It is recommended to bring a flashlight since participants will be walking between buildings in the dark and flashlights provided with the dorm keys are small (and not all sets of keys have flashlights on the keychains).

Keep a flashlight and your keys on your person at all times to avoid being locked-out of accommodations, Diner and other facilities. Lost, damaged or unreturned keys shall incur penalty replacement charges.

Electronics & Communications (Updated 2016-10-02)

The dormitory rooms and telescope enclosures have WiFi, so bring your laptops (and power supplies) with you (WiFi passwords when you arrive).

The curriculum includes a practical data reduction session. Although not a requirement, participants are recommended to install some industry standard software on their laptop computers in advance of the workshop:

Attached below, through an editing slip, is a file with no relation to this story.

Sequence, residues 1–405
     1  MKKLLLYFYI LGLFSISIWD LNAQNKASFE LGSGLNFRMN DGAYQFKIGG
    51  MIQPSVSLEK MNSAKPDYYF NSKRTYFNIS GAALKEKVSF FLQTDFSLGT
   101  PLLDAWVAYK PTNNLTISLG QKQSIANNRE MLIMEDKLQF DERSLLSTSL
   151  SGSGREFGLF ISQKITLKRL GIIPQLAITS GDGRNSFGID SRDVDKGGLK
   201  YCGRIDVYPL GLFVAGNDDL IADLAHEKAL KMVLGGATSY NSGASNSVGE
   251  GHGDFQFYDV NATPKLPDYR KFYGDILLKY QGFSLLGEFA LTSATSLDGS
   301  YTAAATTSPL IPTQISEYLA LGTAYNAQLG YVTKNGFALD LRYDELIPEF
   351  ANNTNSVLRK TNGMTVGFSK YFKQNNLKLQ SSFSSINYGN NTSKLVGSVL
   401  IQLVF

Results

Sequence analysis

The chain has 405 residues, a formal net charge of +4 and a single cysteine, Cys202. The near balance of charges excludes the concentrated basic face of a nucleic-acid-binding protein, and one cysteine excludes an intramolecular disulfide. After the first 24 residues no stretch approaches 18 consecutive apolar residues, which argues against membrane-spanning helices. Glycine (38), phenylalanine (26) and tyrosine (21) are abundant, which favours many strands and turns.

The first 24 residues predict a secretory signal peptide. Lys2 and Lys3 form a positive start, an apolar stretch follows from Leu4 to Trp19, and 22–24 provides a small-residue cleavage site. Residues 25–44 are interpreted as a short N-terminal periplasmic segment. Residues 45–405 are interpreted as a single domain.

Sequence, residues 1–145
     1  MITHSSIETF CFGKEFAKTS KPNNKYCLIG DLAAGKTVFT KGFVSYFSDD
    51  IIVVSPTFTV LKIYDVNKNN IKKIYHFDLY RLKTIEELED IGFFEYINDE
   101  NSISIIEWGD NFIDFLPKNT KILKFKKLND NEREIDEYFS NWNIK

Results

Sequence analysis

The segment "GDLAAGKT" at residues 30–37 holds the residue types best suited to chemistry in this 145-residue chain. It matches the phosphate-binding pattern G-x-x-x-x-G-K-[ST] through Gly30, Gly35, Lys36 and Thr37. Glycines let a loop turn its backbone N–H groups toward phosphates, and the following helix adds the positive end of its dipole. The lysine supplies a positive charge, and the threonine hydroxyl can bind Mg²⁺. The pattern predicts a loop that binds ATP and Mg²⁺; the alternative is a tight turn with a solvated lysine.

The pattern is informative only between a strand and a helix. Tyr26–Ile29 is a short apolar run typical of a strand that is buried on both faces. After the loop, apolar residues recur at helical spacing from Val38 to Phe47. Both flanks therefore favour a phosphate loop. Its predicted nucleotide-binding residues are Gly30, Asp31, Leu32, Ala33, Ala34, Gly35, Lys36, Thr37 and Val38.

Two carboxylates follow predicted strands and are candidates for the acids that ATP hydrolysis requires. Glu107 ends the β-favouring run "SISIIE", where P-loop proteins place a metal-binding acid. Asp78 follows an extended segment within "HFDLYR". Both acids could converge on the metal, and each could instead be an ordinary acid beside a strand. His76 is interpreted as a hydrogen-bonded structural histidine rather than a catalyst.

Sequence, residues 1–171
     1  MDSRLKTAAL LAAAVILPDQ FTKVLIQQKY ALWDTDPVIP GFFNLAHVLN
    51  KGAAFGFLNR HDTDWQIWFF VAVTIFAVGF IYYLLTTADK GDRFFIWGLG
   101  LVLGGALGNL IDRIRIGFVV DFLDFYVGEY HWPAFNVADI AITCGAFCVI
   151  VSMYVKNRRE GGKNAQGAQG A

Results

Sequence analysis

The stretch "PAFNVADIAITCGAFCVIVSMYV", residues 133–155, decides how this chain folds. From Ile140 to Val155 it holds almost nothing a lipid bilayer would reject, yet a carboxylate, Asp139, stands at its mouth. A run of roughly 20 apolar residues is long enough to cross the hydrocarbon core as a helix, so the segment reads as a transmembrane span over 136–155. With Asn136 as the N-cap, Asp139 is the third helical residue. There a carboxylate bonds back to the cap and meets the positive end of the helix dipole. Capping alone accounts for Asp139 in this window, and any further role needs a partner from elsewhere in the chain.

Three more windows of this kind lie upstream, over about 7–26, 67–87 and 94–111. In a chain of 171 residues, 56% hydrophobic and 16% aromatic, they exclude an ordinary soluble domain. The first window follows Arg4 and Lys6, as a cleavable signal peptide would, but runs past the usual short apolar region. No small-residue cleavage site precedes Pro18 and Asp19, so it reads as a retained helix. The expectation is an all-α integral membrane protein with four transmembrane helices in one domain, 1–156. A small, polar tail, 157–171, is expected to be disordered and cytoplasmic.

• Python version 2.7.5 or higher (but NOT Python 3), with packages numpy, scipy, astropy and astroscrappy.
  • SAOImage ds9 data visualization application.
  • Optionally, participants may consider also installing IRAF, the Image Reduction and Analysis Facility.
Mobile phone reception is unreliable on Mount Hamilton. If you leave your phone powered-on, it is likely to run down its battery searching for a signal within a few hours. Ensure you bring the appropriate charging device/cable.


For those who own a pair of binoculars, it may be rewarding to bring them with you, to enhance your enjoyment of the landscape, wildlife and night sky while on Mount Hamilton.

Flora & Fauna